Last week, I was sitting at Starbucks doing work when a group of women walked in carrying fliers for an upcoming 4.01k race. I asked them what it was all about, and it turns out it is a walk/race to help raise money for the Boys and Girls Club of Oakland and Macomb Counties. The best part is, after the race the kids is "Wellabration" where kids get to learn about the power and importance of personal finance. I sat down with Alma Ko, Marketing and Engagement Coordinator at Cambridge Consulting, a sponsor of the event, to talk about the race.
My friend John sent me a financial article titled "25% of Millennials no longer having sex due to financial problems." Naturally, that peaked my interest. Can money really affect your sex life? It turns out the article was as clear cut as I thought it would be, but it did bring up an interesting point: it is harder to get by today than it was in the past. Having said that, I discuss some bold moves you can make today in order to set yourself up for a abundant financial future.
Adam Smith was on to something when he warned us to be aware of the relaxation of rules and how it can lead us to make bad decisions. The same is true when it comes to personal finance - keep your rules simple, black-and-white, and never deviate from them - and you should end up wealthy in the end.
Last week, Ride Your Money Wave turned 1! Whoo hoo! I took a moment to reflect on what the podcast has taught me and what common trends I hear in the stories of my guests as it relates to success. Also, my wife, Becky, joined me on the podcast to discuss all things money - her relationship with it, how we handle money in our relationship, and more.
Nick Apone went from working in his dad's restaurant to putting it all on the line to open and own his brick-and-mortar boutique wine shop, Old Woodward Cellar, located in the heart of downtown Birmingham, Michigan. Nick is a great example of what it takes to achieve the first step of a dream - hard work, sacrifice, and 15 years of grinding.
Anyone who has lived in Metro Detroit knows the impact Grey Ghost has had on the Detroit restaurant scene and community. Close to three years ago, the Vermiglio brothers took the leap and acted on their life's dream of opening a restaurant together. One of the many things that makes the restaurant so special is the division of labor - Dave is the "numbers guy" leaning heavily on his experience in the private equity space while his identical twin brother, John, is the chef. Against the industry odds, these guys have opened three restaurants in three years...and it doesn't look like they are stopping anytime soon.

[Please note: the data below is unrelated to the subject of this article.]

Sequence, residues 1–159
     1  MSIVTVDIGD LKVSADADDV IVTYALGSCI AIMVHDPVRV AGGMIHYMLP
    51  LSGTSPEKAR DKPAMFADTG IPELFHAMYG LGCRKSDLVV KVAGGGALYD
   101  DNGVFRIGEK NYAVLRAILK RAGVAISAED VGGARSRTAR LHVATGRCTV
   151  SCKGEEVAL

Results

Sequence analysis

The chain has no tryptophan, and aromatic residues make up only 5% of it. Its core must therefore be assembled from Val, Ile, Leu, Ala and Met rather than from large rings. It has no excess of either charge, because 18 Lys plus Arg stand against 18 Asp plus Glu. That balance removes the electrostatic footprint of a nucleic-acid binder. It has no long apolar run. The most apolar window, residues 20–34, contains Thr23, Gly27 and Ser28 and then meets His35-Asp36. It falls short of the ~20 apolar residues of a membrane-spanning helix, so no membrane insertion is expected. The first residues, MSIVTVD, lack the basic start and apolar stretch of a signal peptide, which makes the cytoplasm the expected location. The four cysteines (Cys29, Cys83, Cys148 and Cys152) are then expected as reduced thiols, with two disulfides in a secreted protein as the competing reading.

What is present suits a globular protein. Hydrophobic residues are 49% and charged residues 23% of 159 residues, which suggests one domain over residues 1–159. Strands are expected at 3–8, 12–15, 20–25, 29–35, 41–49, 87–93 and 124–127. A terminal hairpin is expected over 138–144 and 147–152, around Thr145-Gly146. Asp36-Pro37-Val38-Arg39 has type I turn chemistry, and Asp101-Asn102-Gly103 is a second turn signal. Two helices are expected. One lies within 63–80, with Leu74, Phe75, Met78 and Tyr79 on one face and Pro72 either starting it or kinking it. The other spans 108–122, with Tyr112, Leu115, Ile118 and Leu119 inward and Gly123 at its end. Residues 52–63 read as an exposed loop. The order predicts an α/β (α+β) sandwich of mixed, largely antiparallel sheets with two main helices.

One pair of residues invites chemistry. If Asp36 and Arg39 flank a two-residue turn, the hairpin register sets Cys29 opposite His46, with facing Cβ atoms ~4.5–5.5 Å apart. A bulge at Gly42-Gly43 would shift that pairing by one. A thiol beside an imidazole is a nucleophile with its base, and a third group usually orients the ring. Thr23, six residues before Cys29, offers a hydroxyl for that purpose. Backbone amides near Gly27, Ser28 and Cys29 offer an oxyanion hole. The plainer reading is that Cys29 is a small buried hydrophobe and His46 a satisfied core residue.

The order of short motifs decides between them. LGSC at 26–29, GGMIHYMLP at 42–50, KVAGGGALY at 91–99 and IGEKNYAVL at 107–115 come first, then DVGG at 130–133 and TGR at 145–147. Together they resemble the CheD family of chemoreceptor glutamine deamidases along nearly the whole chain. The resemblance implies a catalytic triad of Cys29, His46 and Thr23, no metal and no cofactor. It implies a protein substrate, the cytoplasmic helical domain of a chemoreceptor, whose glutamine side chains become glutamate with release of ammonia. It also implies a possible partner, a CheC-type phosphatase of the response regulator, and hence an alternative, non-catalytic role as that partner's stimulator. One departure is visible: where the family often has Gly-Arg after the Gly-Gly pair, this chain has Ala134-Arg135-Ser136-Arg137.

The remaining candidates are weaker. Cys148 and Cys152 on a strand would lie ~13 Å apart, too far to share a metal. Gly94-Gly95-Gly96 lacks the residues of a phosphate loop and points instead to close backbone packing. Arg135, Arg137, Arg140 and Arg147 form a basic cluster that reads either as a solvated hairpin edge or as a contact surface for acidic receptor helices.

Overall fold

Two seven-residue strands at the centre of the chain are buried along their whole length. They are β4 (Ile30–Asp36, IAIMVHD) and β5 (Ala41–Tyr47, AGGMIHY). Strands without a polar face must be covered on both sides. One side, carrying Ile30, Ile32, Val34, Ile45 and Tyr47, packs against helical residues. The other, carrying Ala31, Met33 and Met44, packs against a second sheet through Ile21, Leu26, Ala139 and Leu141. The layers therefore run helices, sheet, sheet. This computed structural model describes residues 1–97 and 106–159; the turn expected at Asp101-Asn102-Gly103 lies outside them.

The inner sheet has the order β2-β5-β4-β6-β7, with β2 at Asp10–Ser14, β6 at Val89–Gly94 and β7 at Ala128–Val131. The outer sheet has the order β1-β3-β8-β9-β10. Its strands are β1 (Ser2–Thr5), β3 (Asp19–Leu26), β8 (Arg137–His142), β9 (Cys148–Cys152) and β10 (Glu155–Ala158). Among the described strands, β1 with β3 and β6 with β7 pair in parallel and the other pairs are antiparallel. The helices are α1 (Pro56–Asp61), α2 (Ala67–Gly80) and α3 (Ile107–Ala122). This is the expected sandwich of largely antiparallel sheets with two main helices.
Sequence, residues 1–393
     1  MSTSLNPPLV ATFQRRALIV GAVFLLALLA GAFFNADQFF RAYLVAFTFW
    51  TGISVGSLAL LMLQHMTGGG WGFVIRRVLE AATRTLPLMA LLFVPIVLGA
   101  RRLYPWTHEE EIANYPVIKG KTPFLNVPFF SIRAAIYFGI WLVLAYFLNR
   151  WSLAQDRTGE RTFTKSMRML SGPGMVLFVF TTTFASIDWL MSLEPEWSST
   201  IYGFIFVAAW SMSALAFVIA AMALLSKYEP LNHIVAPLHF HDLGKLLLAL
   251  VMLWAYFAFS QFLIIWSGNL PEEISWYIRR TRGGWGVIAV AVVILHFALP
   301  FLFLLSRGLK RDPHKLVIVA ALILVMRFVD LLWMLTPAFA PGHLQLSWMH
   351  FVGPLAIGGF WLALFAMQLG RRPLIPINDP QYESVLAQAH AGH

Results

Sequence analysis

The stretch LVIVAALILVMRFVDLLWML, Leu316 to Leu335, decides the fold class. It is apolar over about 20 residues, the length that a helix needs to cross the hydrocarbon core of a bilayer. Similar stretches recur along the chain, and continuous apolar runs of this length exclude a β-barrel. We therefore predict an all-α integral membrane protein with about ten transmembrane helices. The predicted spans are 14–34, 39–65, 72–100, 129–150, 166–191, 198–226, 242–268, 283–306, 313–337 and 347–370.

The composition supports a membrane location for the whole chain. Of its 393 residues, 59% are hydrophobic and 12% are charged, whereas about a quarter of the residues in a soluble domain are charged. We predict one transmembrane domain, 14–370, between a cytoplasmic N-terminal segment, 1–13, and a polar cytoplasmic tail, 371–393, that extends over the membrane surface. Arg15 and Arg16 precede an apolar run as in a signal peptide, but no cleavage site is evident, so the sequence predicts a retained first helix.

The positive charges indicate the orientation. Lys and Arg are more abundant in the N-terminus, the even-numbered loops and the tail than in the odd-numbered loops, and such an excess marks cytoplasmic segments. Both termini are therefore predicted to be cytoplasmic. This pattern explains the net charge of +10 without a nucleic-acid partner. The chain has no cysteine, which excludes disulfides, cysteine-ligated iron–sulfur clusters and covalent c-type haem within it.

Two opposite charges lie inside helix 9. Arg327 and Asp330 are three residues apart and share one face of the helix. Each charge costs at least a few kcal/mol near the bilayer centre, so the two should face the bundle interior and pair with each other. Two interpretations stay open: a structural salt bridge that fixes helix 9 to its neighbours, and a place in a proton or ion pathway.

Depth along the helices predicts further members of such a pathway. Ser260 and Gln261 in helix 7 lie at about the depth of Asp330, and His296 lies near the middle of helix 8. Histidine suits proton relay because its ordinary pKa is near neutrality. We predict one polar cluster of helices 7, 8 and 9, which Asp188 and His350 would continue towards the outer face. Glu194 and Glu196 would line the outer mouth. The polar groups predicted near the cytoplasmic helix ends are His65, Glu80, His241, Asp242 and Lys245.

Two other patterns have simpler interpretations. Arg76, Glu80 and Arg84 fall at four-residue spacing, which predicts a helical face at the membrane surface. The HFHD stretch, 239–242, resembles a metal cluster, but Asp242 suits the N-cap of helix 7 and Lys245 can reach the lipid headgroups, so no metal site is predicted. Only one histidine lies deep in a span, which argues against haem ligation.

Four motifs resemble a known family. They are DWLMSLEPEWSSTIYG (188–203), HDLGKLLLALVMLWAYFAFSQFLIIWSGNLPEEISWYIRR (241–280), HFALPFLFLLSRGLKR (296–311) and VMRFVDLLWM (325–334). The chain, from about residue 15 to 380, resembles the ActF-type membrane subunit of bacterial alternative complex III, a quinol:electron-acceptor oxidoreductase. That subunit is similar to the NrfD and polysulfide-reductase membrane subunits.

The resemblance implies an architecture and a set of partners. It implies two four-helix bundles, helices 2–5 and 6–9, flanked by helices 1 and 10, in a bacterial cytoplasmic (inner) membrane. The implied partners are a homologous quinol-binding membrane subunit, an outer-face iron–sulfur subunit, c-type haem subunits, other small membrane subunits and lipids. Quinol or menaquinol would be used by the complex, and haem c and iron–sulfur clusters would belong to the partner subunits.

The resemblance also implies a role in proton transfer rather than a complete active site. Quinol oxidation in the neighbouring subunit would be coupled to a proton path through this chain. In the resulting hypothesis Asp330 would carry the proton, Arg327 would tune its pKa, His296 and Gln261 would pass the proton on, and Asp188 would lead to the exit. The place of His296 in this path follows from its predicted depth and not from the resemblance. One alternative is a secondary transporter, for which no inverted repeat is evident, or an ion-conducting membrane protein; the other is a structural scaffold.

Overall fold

Last month, the American government shut down, affecting the finances of 800,000 households. With the government up and running (for the time being), we can now take a look at how the shutdown affected the "average" American. While the survey sample is biased because they are all government workers, it does provide us some insight into the financial state of people. As it turns out, average isn't good.
Digg.com reported the median credit card debt by state. Michigan ranked in the middle, with $7382. While that is a trouble statistic, what is truly concerning is how long it would take to pay it off given you dedicate 15% of your income to it. In today's podcast, I give a few tips on how to avoid credit card debt.
Running a small business is difficult. You need to know a little about a lot of things (ok, more like a lot about a lot of things.) We think that if we have an idea and a website, the phone will start ringing off the hook. Wrong! Instead, you need to go out and sell. Whether you are selling yourself by building relationship or selling a product or service, being comfortable with selling is an important attribute to be successful. Chris Budnik talks about his life in sales and provides tips on how to start selling.